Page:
Don’t Be A Singlist

I knew it would happen.  In an era of hash tags and isms it was only a matter of time before our growing unmarried population found a way to play the same card.

It’s finally here single folks.  You’re very own ism.  Singlism.  This is the new word for the way that singles are discriminated against in our society.  I guess the people doing it will be called Singlist?  Man the church for sure is #singlist.  No doubt about that.

Bella DePaulo is a single lady in her sixties and a harvard trained social scientist has “coined” the term.  (Man I wish I had gotten to it first).  She defines it as “the stereotyping, stigmatizing and discrimination of people who are not married”.

Oh but it gets better.  Married people of course have “marital privilege — the unearned advantages that benefit those who are married”

DePaulo actually points out many things that we’ve talked about here.  Married people make more money than single people.  Not only that, but due to tax laws, family leave acts, along with other systemic Singlism issues in the corporate world such as insurance rates and even travel packages, singles end up paying more for things.  All of that is true.

Man, I was a victim for so long, and I didn’t even realize it.

If DePaulo thinks singles in the secular world have it tough, she should try the Church. In the Church it’s hard to get a job as a pastor if you are single.  Often singles are not offered positions of leadership even in non-paid positions.  And they have to endure marriage sermons, conferences and a barrage of bad Christian romance novels. #suffering #singlechristianproblems.

Now I want to be clear, if I were running things I’d change a lot of this.  Obviously I have constantly advocated here many times that the Church needs to change how it deals with singles.  But that starts not with creating a new victim group but instead actually dealing with whole body of Christ including all forms of singleness and marriage.

What I have never advocated and do not advocate is turning singles into a special group in and of themselves.  There are a number of reasons for this.

The first is that as I’ve pointed out many times, singleness is a terrible term.  We have to get that there are many different groups and each has their own standing and context in the Church.  There are the widowed, the divorced, those called to marriage who aren’t and then those who are celibate for life either because of gifting, choice, or the sin of man. These are absolutely not the same.

Second, to me the idea of singlism implies that it works the same as say racism or sexism etc.  The problem with this is that for most of us, being single is sort of our choice.  Our race or sex is not (at least from a biblical perspective – I can’t believe I have to type that).

Now I know that right now some of you are saying, “but I’m not single by choice”.  Ok, I hear you.  Let me make a couple points about that.

For starters saying that there is singlism when a significant amount of people are simply single because they lack the ability/desire to make a lifetime commitment to a person is ridiculous.  Every single person who is sleeping with or living with someone does not count as living the single Christian life.  In no way are they a victim of the people with marital privilege.  GIve me a break.

Secondly, most people could get married to someone if they wanted.  Not all.  But most.  I was single until I was nearly 41.  But there were people I could have married.  But many things kept that from happening.  Some of those things were my own fault.  Some were issues that I needed to deal with but again, I had to choose to deal with them.  Sometimes I chose the wrong person to date.  Sometimes someone didn’t choose me.  But I had choice many different times.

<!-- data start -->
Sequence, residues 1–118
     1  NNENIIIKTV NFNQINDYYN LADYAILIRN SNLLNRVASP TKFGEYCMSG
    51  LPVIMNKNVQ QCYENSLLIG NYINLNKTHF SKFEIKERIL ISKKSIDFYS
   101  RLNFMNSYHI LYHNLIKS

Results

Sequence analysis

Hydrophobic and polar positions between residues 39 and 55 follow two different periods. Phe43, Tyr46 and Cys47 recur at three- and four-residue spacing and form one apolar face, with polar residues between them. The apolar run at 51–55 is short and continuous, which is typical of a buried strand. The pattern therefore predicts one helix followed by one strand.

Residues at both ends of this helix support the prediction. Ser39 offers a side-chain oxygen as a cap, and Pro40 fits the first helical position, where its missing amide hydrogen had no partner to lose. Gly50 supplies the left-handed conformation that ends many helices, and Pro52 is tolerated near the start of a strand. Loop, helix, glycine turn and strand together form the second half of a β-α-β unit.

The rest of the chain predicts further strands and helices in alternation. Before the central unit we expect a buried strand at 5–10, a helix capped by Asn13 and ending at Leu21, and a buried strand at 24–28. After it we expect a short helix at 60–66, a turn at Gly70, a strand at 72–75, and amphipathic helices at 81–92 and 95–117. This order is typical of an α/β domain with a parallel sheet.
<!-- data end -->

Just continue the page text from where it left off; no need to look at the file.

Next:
That is not to say that everyone who is unmarried had that choice.  Obviously a widow didn’t choose to have their spouse die.  Divorce can be a choice, and most often is, but if the person divorces you, that might not be your choice.  But again those are different contexts from not being married yet. So I guess in that sense you could be a victim.

Finally, most single people are working at or at least hoping for a time when they are not single.  Do the same people who are single now want to give up this supposed marital privilege when they get married?

Frankly the only people who can claim singlism are the people who are gifted, called or forced into celibacy.  So perhaps we should call it celibacism.  That’s not quite a catchy though.

I acknowledge that we have a problem with how we deal with singles.  We really should change many of our laws because honestly, we should want to treat people fairly regardless of marital status.  This should be especially true in the Church where the Church family should trump the nuclear one.  But playing the victim and equating singleness to race is for sure not the way to go about it.  Instead we need to actually deal with what marriage is and help people walk in each of the contexts of singleness.  Our problem is more in how we view the whole thing.

What’s crazy is there is still time for the Church to lead here.  Now that would be a movement worth getting behind. #Crazy #Leadership #Biblical

11 thoughts on “Don’t Be A Singlist

  1. I’m Bella DePaulo, the “single lady” you referenced. I’m single and I always will be – I choose to live single. It is how I live my best, most authentic, most meaningful life. (I’m single at heart.) ALL single people are targets of singlism. There are more than 1,000 federal laws that benefit and protect only those people who are legally married. The laws don’t care if you want to be single or don’t. That’s not social justice, and those laws were an important part of the case that was made for same-sex marriage. People of all sexual orientations who are single are still left out of those benefits and protections. Please don’t tell me I’m playing the victim card. I’m playing the social justice card. Everyone should be.